But Naomi said to her two daughters-in-law, “Go, return each of you to her mother’s house. May the LORD deal kindly with you, as you have dealt with the dead and with me. The LORD grant that you may find rest, each of you in the house of her husband!” Then she kissed them, and they lifted up their voices and wept. And they said to her, “No, we will return with you to your people.” But Naomi said, “Turn back, my daughters; why will you go with me? Have I yet sons in my womb that they may become your husbands? Turn back, my daughters; go your way, for I am too old to have a husband. If I should say I have hope, even if I should have a husband this night and should bear sons, would you therefore wait till they were grown? Would you therefore refrain from marrying? No, my daughters, for it is exceedingly bitter to me for your sake that the hand of the LORD has gone out against me.” Then they lifted up their voices and wept again. And Orpah kissed her mother-in-law, but Ruth clung to her. – Ruth 1:8–14
John Wilch writes:
Although the pledge of Orpah and Ruth to Naomi, “No, with you we shall return to your people!”, could sacrifice their future in order to serve her, they did not at that point mention accepting her God. That was evidently more than Orpah was prepared to do.
Naomi commended her second argument with a firm but tender address, “my daughters”, which she will use twice more in 1:12-13. This does not imply that she is here recognizing them as her own daughters instead of just daughters-in-law; rather, she addresses them endearingly as an older relative. Naomi’s repetition of questions and statements in 1:11-13 amounts to intensification, stressing repeatedly her inability to provide husbands, which is an important concern in the story. This address is replete with familial terms: “husband(s)” four times, “daughters” three times, and “sons” twice.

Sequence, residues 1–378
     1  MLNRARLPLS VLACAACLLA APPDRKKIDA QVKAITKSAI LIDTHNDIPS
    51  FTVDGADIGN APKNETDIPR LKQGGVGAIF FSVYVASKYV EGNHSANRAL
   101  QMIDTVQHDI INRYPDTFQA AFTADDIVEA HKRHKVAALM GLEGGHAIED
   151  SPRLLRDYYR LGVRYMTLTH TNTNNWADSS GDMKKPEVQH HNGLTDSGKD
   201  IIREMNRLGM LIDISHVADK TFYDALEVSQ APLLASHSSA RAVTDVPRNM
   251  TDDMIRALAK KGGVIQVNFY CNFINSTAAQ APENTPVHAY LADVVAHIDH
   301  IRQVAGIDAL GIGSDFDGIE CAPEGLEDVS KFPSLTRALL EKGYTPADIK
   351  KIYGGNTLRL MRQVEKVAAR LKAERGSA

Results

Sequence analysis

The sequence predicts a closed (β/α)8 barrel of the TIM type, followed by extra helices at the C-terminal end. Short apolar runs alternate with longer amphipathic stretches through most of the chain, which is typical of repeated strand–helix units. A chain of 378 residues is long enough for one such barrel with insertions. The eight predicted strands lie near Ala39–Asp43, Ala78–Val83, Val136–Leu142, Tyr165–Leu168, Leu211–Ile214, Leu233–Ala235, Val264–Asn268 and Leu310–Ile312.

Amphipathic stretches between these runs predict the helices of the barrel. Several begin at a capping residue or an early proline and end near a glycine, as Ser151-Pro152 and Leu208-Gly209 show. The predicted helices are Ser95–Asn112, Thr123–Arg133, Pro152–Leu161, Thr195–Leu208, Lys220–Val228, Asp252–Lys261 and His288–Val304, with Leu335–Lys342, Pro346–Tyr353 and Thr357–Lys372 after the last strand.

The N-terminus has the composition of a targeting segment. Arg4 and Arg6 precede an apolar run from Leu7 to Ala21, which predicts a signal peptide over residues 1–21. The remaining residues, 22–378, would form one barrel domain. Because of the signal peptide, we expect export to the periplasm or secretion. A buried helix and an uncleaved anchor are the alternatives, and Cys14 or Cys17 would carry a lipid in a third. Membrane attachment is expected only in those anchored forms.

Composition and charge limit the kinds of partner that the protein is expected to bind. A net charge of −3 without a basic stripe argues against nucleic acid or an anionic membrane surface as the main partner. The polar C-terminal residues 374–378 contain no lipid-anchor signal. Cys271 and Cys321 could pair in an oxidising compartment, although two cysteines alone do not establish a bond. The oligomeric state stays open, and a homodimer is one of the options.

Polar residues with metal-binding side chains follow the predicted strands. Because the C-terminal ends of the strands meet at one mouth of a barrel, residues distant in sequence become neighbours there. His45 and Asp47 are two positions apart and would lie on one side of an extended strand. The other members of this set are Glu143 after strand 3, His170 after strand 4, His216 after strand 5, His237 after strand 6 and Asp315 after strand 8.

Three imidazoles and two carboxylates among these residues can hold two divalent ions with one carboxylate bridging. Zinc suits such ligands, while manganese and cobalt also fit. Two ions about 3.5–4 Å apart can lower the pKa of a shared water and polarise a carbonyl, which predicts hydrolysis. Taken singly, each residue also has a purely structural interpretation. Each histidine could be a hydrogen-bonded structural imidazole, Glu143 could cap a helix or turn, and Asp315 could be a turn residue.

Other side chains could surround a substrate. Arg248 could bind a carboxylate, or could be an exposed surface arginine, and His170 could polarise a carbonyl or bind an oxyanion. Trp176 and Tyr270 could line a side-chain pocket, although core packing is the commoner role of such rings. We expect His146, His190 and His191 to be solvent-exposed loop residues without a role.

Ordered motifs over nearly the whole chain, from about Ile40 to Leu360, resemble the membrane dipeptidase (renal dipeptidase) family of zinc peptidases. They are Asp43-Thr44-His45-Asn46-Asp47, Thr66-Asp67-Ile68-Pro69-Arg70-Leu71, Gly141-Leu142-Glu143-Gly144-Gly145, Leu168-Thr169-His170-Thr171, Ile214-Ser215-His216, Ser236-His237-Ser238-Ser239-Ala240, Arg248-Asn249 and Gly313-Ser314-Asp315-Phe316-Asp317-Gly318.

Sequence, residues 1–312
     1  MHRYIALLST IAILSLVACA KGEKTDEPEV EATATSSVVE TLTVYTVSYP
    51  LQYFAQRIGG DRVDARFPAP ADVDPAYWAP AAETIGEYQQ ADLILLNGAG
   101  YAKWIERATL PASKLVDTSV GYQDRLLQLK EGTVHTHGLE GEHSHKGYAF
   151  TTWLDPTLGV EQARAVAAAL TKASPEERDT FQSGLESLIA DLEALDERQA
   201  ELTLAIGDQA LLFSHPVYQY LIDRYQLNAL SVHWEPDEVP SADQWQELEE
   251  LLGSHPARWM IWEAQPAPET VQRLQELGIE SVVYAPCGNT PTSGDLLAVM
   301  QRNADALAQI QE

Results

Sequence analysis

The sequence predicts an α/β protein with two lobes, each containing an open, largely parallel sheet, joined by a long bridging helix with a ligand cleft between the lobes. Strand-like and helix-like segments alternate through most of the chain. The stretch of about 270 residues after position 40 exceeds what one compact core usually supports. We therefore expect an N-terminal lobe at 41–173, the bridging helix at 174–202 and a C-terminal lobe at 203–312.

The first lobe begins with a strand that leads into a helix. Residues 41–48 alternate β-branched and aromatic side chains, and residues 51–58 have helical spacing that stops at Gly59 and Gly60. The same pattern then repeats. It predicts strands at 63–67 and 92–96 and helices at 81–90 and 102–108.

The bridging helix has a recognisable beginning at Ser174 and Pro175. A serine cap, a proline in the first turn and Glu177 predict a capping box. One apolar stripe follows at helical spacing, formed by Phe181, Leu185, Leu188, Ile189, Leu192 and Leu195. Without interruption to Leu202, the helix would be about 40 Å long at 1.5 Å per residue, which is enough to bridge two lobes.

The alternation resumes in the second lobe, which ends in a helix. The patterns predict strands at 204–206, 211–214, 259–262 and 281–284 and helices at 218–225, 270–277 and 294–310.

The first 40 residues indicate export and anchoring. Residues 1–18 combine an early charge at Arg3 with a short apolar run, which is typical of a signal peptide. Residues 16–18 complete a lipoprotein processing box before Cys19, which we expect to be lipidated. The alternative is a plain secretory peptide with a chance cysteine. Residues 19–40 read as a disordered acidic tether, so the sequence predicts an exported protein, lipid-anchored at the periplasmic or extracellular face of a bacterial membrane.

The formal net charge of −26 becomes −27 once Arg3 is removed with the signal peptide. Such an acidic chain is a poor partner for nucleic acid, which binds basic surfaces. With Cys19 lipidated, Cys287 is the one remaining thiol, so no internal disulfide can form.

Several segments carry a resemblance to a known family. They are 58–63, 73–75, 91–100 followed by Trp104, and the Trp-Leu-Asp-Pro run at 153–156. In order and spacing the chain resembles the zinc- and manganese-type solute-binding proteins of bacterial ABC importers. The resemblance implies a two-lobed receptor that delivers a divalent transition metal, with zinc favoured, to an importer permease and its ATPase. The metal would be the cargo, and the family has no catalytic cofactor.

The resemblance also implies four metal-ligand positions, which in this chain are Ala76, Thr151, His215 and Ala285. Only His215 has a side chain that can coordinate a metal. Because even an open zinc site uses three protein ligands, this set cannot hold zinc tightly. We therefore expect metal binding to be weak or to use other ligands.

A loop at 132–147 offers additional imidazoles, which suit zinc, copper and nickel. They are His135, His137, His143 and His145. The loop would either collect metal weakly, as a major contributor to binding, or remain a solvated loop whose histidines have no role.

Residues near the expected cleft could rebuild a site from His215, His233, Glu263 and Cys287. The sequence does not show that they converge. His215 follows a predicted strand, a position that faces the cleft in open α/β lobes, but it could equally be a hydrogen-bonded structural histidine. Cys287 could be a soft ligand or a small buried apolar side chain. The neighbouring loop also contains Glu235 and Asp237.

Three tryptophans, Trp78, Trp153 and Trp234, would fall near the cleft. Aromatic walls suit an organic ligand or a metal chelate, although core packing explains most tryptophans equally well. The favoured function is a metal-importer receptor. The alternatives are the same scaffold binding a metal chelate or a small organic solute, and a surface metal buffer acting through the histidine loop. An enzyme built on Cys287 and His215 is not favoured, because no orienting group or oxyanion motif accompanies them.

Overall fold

Naomi’s first argument (1:8-9) was restrained. Since she did not understand why her way must be their way, she now launches into a strong, impassioned appeal, strengthened with rhetorical questions and a hypothetical case. Naomi’s argument is couched in imperatives and questions. Questions are fully exploited throughout the short story of Ruth – sixteen in all, which engage the readers by eliciting internal responses from them. The first question, “Why should you go with me?” appears superficially to ask for information. However, it is really a corrective statement that makes a negative declaration in keeping with the preceding imperatives. Hence it conveys the sense “Do not go with me!” Thus it does not expect a direct answer.
The result of Naomi’s speech is that it gives Orpah and Ruth every reason to turn back. This makes Ruth’s expression of devotion and covenant love, in the following section, all the more surprising.
MEMORY WORK – Shorter Catechism Q/A 94
Q. 94. What is baptism?
A. Baptism is a sacrament, wherein the washing with water in the name of the Father, and of the Son, and of the Holy Ghost, doth signify and seal our ingrafting into Christ, and partaking of the benefits of the covenant of grace, and our engagement to be the Lord’s.